This video offers a brief description of the ideology behind Reconstructionist Judaism

But in order to create this ethos of Jewish learning, American Jews would need to create unique American Jewish institutions of learning.  And in 1945, Kaplan articulated just what such an institution should look like. 

ON FEBRUARY 4, 1945, at the thirty-fifth anniversary of the Jewish Theological Seminary's Teachers Institute, Dr. Mordecai Kaplan presented a speech that called for the creation of a new center of Jewish learning.  The rabbi made it clear that he did not seek the creation of a Jewish university (i.e., a university sponsored by Jews), but instead a University of Judaism—an academy dedicated to the teaching of all things Jewish.  Kaplan called for an institute that could train a generation of Jewish leaders to address the needs of the modern American Jew.  As he stated in his speech,

The main function of a higher educational institution which wants
to remove from the mind of the Jew all doubt as to the worthwhileness of Jewish
life should be to train leaders who will know what has to be done at the
present time to render Jews both cooperative and creative socially and
[Kaplan’s italics].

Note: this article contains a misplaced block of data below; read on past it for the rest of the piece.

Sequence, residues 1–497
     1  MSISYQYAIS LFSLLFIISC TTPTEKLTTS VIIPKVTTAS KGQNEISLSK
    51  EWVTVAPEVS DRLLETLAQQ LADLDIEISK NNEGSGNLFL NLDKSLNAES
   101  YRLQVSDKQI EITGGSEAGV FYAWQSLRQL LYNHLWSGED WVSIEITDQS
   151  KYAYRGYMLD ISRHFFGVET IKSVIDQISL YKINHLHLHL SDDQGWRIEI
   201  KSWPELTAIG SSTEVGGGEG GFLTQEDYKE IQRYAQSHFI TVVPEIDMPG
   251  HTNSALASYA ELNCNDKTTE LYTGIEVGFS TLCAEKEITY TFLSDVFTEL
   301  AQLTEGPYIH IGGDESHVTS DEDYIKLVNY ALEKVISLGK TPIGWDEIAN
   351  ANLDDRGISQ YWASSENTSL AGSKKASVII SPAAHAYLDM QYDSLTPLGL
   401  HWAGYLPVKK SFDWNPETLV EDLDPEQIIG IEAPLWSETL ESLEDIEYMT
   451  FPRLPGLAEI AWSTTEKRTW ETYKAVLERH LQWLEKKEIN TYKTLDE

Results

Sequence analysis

He stressed that in order to foster such cooperation and creativity this new school would need to provide “a widely ramified curriculum of studies that w[ould] make provisions for the many vocations which already exist[ed] and for many more which [were] bound to develop . . . .”  He envisioned a metamorphosis of the seminary from a rabbinic training program to an institute that examined all subjects of Judaic interest.

TODAY'S UNIVERSITY OF JUDAISM, renamed American Jewish University in 2007, reflects some of Kaplan's vision for such an institution.  It attempts to provide a broad curriculum in undergraduate and graduate courses.  It attempts to infuse its students with a Jewishly informed ethos.  In other ways, though, the university has not lived up to Kaplan's vision.  It is, for example, intensely denominational, housing numerous institutions and structures for the Conservative Movement, including a west coast Conservative seminary.  Still, institutions change over time, and the existence of a University of Judaism (regardless of its new name) indicates the continuing legacy of Mordecai Kaplan, and his interest in a learned Jewish community.